Are you ready for some … hockey?! |

Are you ready for some … hockey?!

Devon O'Neil

The last NHL game was played June 7, 2004. Or in other words, well before the Red Sox broke their Curse. Well before Bode Miller sped to the top of ski racing. And well before we shook our heads in disgust at the first canceled season in North America’s professional sports history.Tampa Bay beat Calgary on that early June night nearly 16 months ago, sending Lord Stanley’s Cup to the home of baseball’s Devil Rays. It was Game 7 of the Cup finals, the most exciting moment of the year for a hockey fan.The most exciting moment of this year arrives on Wednesday, five days from now. That’s when the NHL returns from its lockout-imposed hiatus. It is also when hockey fans across the world will get their first glimpse at meaningful NHL games since they disappeared in a swirl of business’ bottom lines.Don’t know about you, but I’m looking forward to it. I think we need it. Not like we need drinking water, but more like we do dogs. They’re fun to have around, fun to watch chase each other. So are NHL players.

I don’t expect everyone to open their arms for hockey’s return. That would underestimate the stain left by the lockout. But I think we’ll be surprised at how few of the game’s fans abandoned it during the absence. In fact, talking to some of our local hockey fans, the lockout doesn’t seem to have had much of an effect at all.”I think everyone’s pretty excited about it,” said Ian Hamilton, an avid rec league player and one of a number of Summit residents who hold season tickets for the Avalanche. “I haven’t heard anyone say, ‘Screw that, I’m not going back.'”Hamilton said he was irritated by the lockout in the beginning, but has forgiven those responsible (which, for the record, includes the players and the owners). “I just kinda have pent-up hockey-watching desire,” Hamilton said.He’s not alone. And now that Altitude is in the mix, Avalanche fans will have ample opportunity. The Denver-based cable channel is scheduled to broadcast 70 of the Avs’ 82 games this season. The other 12 will be split between OLN (eight) and NBC (four).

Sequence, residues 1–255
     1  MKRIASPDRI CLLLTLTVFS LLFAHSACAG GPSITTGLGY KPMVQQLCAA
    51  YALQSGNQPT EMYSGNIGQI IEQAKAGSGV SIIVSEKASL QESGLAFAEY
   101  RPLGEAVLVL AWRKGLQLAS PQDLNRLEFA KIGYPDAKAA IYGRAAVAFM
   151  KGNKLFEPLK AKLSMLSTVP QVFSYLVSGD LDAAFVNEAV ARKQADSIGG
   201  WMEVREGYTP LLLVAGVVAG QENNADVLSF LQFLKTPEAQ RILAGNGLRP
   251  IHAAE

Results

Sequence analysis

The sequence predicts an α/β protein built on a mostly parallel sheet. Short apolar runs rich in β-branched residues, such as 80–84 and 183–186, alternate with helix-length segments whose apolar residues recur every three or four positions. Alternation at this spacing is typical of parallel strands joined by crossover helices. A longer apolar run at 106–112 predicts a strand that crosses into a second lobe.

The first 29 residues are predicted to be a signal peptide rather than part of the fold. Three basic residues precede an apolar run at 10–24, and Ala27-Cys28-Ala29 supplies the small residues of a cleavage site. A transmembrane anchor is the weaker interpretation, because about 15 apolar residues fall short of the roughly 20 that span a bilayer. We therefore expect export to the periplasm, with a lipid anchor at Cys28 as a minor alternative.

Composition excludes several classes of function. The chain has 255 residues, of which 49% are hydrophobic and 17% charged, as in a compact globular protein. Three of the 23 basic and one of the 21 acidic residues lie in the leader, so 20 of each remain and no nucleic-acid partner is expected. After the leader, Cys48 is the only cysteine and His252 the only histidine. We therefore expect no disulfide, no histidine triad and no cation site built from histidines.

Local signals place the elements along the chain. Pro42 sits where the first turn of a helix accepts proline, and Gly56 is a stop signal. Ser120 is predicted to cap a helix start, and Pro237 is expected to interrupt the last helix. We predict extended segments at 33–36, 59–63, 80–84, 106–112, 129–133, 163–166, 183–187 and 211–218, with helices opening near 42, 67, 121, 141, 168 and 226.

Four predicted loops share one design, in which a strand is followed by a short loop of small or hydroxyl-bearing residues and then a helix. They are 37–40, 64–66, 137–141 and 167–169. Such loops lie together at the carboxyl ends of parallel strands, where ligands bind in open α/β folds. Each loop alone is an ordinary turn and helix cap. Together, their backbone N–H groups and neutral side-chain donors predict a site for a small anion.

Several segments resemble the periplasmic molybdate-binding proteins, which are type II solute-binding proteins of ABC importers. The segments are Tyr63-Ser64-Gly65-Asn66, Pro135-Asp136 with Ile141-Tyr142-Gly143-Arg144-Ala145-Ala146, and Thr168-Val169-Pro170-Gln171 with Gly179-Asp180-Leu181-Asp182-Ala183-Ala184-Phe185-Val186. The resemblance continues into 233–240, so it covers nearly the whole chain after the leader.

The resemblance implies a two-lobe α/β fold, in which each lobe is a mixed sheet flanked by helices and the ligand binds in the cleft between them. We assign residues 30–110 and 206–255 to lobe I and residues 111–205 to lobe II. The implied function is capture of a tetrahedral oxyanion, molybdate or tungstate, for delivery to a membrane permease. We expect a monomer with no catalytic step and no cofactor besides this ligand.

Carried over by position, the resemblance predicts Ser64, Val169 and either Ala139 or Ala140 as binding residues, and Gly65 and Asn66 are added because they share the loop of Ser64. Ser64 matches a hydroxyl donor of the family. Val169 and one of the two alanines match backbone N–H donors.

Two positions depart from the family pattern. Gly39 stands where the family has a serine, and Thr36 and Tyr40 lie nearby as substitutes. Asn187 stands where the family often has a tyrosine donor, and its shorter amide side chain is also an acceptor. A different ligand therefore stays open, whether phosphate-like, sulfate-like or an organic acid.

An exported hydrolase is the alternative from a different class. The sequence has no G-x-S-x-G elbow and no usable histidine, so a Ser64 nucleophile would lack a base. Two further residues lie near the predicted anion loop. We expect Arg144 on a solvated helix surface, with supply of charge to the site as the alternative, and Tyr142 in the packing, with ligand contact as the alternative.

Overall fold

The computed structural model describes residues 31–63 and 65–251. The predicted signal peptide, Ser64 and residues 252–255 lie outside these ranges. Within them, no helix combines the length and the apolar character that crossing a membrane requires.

Their first game is Wednesday at Edmonton, with the home opener slated for Oct. 10, against the defending Western Conference champion Calgary Flames. And while we’re at it, if Colorado wants to make a push for the Cup this year, it has to improve its record at home. In the 2003-04 season, only four Western Conference teams had fewer home victories than the Avs’ 19.One thing on the minds of everyone I talked to this week was the significant rule changes implemented by the league over the extended offseason. From penalty shootouts replacing ties to the increased focus on obstruction penalties, it looks like we’re in for a more exciting game – or, as Breckenridge rink manager Kevin Zygulski put it, “A better product.”Zygulski, an Avs fan since 1996, is 36 years old. He has been following hockey for 32 of those years. While he said he harbors no bitter feelings toward the NHL, he pointed out perhaps the lockout’s most startling effect.In Summit alone, the youth hockey program is 30 kids short of last year’s enrollment. Much of that disparity comes in the lowest rungs, among kids ages 6-9. Zygulski attributes this drop, as well as similar ones on the Front Range, to the NHL’s absence last winter.

“The kids that we’re trying to get started into hockey, they’re not seeing it on TV, there’s not that excitement from their parents,” he said of last season. “We’ve seen drops in almost every rink.”This is where the lockout hurt the sport. And come Wednesday, when we welcome the NHL’s return, don’t forget why the lockout is to be forgiven, but not forgotten.Devon O’Neil can be contacted at (970) 668-3998, ext. 231, or at

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